• UN Peacebuilding Fund (PBF): supports peacebuilding activities that directly promote post-conflict stabilization and strengthen state and institutional capacity. PBF funding is either given for a maximum of two years immediately following conflict to jumpstart peacebuilding and recovery needs or given for up to three years to create a more structured peacebuilding process.[20]
    • UN Peacebuilding Support Office (PBSO): supports the Peacebuilding Commission with strategic advice and policy guidance, administers the Peacebuilding Fund and helps the Secretary-General coordinate UN agencies' peacebuilding efforts.[7]
  • Other agencies
    • Peacebuilding Portal: provides information and develops communication networks in the peacebuilding community to build local, national, intergovernmental and nongovernmental organizations' capacity
    • UN Department of Political Affairs: postconflict peacebuilding
    • UN Development Programme: conflict prevention, peacebuilding, postconflict recovery[21]

The World Bank and International Monetary Fund focus on the economic and financial aspects of peacebuilding. The World Bank assists in post-conflict reconstruction and recovery by helping rebuild society's socioeconomic framework. The International Monetary Fund deals with post-conflict recovery and peacebuilding by acting to restore assets and production levels.[21]

The EU's European Commission describes its peacebuilding activities as conflict prevention and management, and rehabilitation and reconstruction. Conflict prevention and management entails stopping the imminent outbreak of violence and encouraging a broad peace process. Rehabilitation and reconstruction deals with rebuilding the local economy and institutional capacity.[22] The European Commission Conflict Prevention and Peace building 2001-2010 was subjected to a major external evaluation conducted by Aide a la Decisions Economique (ADE) with the European Centre for Development Policy Management which was presented in 2011.[23] The European External Action Service created in 2010 also has a specific Division of Conflict Prevention, Peacebuilding and Mediation.

Governmental organizations


  • French Ministry of Defence: operations include peacekeeping, political and constitutional processes, democratization, administrative state capacity, technical assistance for public finance and tax policy, and support for independent media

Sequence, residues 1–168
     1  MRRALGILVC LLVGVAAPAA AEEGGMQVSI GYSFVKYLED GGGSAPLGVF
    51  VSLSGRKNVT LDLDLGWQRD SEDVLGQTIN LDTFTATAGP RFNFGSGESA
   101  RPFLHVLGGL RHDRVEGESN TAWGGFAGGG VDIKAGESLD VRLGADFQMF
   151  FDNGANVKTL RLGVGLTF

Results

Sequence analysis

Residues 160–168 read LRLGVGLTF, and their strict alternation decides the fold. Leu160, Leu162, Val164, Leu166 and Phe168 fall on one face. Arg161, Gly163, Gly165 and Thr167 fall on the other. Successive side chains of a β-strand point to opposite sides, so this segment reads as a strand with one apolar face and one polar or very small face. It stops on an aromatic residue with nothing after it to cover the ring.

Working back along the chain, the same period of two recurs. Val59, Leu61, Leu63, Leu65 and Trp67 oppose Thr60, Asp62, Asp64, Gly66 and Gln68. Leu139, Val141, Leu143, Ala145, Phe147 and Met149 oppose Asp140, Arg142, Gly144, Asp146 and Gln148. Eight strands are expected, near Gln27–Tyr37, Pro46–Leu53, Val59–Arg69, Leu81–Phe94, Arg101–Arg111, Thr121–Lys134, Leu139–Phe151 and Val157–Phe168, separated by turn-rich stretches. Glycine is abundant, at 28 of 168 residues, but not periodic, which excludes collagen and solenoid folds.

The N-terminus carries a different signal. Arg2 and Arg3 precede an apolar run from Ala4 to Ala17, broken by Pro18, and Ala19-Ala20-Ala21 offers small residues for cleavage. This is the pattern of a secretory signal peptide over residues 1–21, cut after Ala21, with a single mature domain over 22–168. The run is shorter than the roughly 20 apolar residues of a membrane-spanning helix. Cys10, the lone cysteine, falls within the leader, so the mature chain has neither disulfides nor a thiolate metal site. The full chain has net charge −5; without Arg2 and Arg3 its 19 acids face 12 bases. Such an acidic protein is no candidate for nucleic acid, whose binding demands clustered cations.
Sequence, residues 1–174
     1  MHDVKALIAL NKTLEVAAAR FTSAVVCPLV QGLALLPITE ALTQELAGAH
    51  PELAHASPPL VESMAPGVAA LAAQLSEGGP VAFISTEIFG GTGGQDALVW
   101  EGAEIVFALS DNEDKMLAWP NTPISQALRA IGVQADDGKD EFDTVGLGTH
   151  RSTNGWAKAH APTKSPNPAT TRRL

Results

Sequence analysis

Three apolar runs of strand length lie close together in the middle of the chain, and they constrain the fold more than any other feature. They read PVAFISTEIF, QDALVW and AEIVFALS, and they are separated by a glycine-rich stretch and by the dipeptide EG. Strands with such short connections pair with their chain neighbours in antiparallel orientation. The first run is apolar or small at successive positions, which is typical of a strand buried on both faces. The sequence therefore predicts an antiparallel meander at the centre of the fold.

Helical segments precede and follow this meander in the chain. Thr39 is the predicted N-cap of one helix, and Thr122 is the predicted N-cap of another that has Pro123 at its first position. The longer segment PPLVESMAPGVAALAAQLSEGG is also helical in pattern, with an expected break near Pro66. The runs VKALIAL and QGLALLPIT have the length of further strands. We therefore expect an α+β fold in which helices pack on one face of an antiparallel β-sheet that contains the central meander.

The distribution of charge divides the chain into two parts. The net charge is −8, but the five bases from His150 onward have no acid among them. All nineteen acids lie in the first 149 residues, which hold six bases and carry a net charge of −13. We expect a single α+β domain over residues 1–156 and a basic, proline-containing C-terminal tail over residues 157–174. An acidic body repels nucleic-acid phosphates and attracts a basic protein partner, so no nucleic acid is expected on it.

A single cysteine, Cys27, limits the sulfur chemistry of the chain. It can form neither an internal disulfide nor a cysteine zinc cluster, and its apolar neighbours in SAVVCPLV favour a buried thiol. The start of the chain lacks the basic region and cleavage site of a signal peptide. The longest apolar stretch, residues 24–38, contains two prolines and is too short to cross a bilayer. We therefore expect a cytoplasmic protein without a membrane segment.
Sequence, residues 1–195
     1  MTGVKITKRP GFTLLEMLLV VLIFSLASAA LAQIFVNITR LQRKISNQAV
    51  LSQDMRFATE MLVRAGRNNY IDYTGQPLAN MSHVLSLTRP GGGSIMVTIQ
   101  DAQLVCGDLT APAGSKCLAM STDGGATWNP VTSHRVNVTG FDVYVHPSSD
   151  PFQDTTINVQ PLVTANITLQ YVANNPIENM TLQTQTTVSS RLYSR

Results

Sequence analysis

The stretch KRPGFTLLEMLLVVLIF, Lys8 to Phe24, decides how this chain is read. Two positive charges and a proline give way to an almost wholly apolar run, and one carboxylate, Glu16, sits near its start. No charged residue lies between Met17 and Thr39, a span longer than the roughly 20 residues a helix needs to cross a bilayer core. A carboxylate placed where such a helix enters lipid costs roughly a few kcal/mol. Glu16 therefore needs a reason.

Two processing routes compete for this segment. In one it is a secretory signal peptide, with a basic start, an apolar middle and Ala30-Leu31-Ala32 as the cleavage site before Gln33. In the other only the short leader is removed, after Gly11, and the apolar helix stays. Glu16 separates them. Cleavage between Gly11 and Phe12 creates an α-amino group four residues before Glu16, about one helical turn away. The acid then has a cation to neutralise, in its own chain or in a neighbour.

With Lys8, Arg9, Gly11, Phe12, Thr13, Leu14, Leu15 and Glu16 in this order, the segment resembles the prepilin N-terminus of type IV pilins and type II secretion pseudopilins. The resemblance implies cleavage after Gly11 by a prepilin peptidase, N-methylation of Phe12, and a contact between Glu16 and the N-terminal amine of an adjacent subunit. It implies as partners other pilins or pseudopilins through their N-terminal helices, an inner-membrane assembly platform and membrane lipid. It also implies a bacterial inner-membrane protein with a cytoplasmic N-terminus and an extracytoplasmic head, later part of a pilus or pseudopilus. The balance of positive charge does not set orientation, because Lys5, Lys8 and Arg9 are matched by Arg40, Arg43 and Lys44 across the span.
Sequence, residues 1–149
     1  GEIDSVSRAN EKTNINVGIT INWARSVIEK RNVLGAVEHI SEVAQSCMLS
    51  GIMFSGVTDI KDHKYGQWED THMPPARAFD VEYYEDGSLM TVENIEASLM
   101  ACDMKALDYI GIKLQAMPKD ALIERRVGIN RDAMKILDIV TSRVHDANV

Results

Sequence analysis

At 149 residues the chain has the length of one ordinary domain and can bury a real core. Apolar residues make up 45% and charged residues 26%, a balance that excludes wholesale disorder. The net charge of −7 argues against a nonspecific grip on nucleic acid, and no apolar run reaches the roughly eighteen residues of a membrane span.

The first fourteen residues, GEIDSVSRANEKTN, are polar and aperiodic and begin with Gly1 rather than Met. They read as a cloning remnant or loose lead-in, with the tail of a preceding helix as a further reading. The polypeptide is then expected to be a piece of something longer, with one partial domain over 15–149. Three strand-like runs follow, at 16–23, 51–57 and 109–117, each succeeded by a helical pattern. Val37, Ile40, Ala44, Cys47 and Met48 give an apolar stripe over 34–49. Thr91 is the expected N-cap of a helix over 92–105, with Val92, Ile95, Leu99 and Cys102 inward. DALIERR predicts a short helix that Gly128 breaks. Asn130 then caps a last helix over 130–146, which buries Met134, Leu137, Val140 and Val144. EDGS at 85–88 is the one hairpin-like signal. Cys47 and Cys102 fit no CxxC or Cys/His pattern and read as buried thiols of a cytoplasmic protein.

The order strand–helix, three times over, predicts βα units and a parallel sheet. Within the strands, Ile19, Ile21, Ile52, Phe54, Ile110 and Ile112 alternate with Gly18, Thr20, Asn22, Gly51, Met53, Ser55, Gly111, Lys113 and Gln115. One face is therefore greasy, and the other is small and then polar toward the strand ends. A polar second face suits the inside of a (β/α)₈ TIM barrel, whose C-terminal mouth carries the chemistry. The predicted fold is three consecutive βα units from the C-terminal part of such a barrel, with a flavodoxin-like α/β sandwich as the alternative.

• French Ministry of Foreign and European Affairs: supports peace consolidation, including monitoring compliance with arms embargoes, deployment of peacekeeping troops, DDR, and deployment of police and gendarmerie in support of the rule of law
  • French Development Agency: focuses on crisis prevention through humanitarian action and development


  • German Federal Foreign Office: assists with conflict resolution and postconflict peacebuilding, including the establishment of stable state structures (rule of law, democracy, human rights, and security) and the creation of the potential for peace within civil society, the media, cultural affairs and education
  • German Federal Ministry of Defence: deals with the destruction of a country’s infrastructure resulting from intrastate conflict, security forces reform, demobilization of combatants, rebuilding the justice system and government structures and preparations for elections
  • German Federal Ministry of Economic Cooperation and Development: addresses economic, social, ecological, and political conditions to help eliminate the structural causes of conflict and promote peaceful conflict management; issues addressed include poverty reduction, pro-poor sustainable economic growth, good governance and democracy


United Kingdom

  • UK Foreign and Commonwealth Office: performs a range of reconstruction activities required in the immediate aftermath of conflict
  • UK Ministry of Defence: deals with long-term activities addressing the underlying causes of conflict and the needs of the people
  • UK Department for International Development: works on conflict prevention (short-term activities to prevent the outbreak or recurrence of violent conflict) and peacebuilding (medium- and long-term actions to address the factors underlying violent conflict), including DDR programs; building the public institutions that provide security, transitional justice and reconciliation; and providing basic social services

United States

  • United States Department of State: aids postconflict states in establishing the basis for a lasting peace, good governance and sustainable development
  • United States Department of Defense: assists with reconstruction, including humanitarian assistance, public health, infrastructure, economic development, rule of law, civil administration and media; and stabilization, including security forces, communication skills, humanitarian capabilities and area expertise
  • United States Agency for International Development: performs immediate interventions to build momentum in support of the peace process including supporting peace negotiations; building citizen security; promoting reconciliation; and expanding democratic political processes[25]
  • United States Institute of Peace:

Nongovernmental organizations

  • Alliance for Peacebuilding: Washington D.C.-based nonprofit that works to prevent and resolve violent conflict through collaboration between government, intergovernmental organizations and nongovernmental organizations; and to increase awareness of peacebuilding policies and best practices